The real story behind Trump’s pardon of Oregon ranchers

The president is fanning a culture-war fire to help cover up his campaign to hand wilderness to mining companies.

A sign posted by Burns, OR, locals asking anti-government extremists to leave the town during a January 2016 standoff. The Bundys were unwelcome gadflies during local frustration over the harsh prison sentences imposed on a pair of local ranchers.  CREDIT: Justin Sullivan/Getty Images
A sign posted by Burns, OR, locals asking anti-government extremists to leave the town during a January 2016 standoff. The Bundys were unwelcome gadflies during local frustration over the harsh prison sentences imposed on a pair of local ranchers. CREDIT: Justin Sullivan/Getty Images

President Trump pardoned two Oregon ranchers Tuesday, firing a new salvo in a complicated culture war previously marked by air-mailed sex toys, nuanced disputes over the management of public lands, and a police shootout that killed a would-be leader of a modern crackpot revolution.

Until Tuesday’s announcement, Dwight and Steven Hammond had been serving out five-year terms in federal prison. Those sentences had been widely condemned as overly harsh for the underlying conduct – a series of intentional fires lit by the Hammonds on either side of the line between their Oregon property and lands belonging to the American people.

But the details of Trump’s move indicate he is less interested in reversing an unjust sentence than he is in giving a thinly-veiled “attaboy” to a small group of heavily armed chaos agents who seek to undermine the federal government’s proper role in managing public lands all across the western U.S.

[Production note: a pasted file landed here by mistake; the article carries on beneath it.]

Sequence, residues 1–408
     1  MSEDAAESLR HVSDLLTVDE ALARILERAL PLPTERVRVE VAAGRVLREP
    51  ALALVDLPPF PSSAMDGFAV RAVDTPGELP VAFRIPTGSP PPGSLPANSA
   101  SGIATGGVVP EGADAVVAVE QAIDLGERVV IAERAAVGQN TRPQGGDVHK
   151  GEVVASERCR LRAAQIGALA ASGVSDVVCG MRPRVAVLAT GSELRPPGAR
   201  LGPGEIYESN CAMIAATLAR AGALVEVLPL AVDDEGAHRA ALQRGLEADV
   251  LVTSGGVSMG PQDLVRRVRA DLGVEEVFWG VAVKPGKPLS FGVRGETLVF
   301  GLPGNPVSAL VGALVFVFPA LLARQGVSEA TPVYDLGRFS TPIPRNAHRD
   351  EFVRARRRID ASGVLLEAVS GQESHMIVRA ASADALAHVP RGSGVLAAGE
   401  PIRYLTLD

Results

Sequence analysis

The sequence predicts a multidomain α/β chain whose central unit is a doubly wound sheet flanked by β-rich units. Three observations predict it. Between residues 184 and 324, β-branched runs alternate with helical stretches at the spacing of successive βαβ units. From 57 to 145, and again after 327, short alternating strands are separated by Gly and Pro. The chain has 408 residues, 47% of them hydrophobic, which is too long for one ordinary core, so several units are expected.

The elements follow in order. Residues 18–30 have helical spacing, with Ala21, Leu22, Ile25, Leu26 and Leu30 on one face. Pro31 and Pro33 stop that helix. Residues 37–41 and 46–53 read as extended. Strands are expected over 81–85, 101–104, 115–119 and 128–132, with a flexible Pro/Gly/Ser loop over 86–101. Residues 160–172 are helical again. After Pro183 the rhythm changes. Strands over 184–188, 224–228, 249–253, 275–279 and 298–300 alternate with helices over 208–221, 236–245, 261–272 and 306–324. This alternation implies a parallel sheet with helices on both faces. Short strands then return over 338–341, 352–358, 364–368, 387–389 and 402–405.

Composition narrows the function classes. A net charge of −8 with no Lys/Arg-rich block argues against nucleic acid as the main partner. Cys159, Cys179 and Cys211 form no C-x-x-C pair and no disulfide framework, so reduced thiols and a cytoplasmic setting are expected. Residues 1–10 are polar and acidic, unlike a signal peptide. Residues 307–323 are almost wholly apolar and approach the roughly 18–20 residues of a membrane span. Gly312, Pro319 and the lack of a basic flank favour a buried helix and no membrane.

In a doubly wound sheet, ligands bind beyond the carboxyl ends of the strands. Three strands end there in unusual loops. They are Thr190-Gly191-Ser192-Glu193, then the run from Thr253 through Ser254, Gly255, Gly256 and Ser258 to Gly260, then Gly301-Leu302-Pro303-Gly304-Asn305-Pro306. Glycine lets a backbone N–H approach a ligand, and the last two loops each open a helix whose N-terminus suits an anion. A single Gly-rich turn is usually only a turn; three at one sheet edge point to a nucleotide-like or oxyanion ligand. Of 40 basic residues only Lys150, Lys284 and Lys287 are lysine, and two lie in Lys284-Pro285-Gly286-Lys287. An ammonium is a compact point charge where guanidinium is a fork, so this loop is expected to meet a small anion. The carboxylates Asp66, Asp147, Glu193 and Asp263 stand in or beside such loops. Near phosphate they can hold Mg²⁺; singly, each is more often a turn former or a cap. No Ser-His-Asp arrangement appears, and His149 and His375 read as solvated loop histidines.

In late 2015, one loosely organized cluster of these same chaos agents trucked into Burns, Oregon without invitation. There, after briefly joining a locally-organized protest march against the harsh sentences issued to the Hammonds, Ammon Bundy — the son of rancher Cliven Bundy — asked the crowd to join his interloper bloc of so-called “sovereign citizens” in taking over federal buildings on the nearby Malheur National Wildlife Refuge. The locals weren’t interested, but Bundy and his cadre drove onto the refuge and occupied the vacant buildings anyway, drawing federal officials into another prolonged standoff just a few years after Cliven had called up a militia to menace federal officers in Nevada in similar circumstances.


The Hammonds are not the Bundys. The ranching communities who found the Hammonds’ cause sympathetic did not generally hold Bundy’s bizarro-world revolution in the same esteem. Yet the response that Bundy was able to provoke – both from the armed officials who took his bait, and from reactionary citizens who took to mailing dildos to the occupiers during the standoff — was so myopic toward the divides within the ranching community that it gave new credence to the arguments put forth by the little-loved radical faction of that community.

That’s the landscape on which Trump’s Tuesday move plays. Though the Hammonds are technically the subject of his decree, his intended audience is the Bundys. Since prominent liberals took the bait in Malheur, and allowed the Hammonds’ real beef to be subsumed into a shaggier, cheaper culture war between the Bundys and the feds, Trump is positioned to give his base another pep rally-sized dose of own-the-libs pugnacity – one big enough to distract from the president’s own efforts to sell off protected wilderness to destructive mining and gas profiteers.

The Obama administration’s public lands officials spent much time and energy defraying those tensions, instituting a newly inclusive and locally-rooted process for generating land management policies that better reflect input from the people who live and work on and near taxpayer-owned wilderness. Though bureaucratic details like public comment periods and open meetings rules may seem entirely divorced from a high-desert arson-and-gunplay story, the two are actually braided together tightly.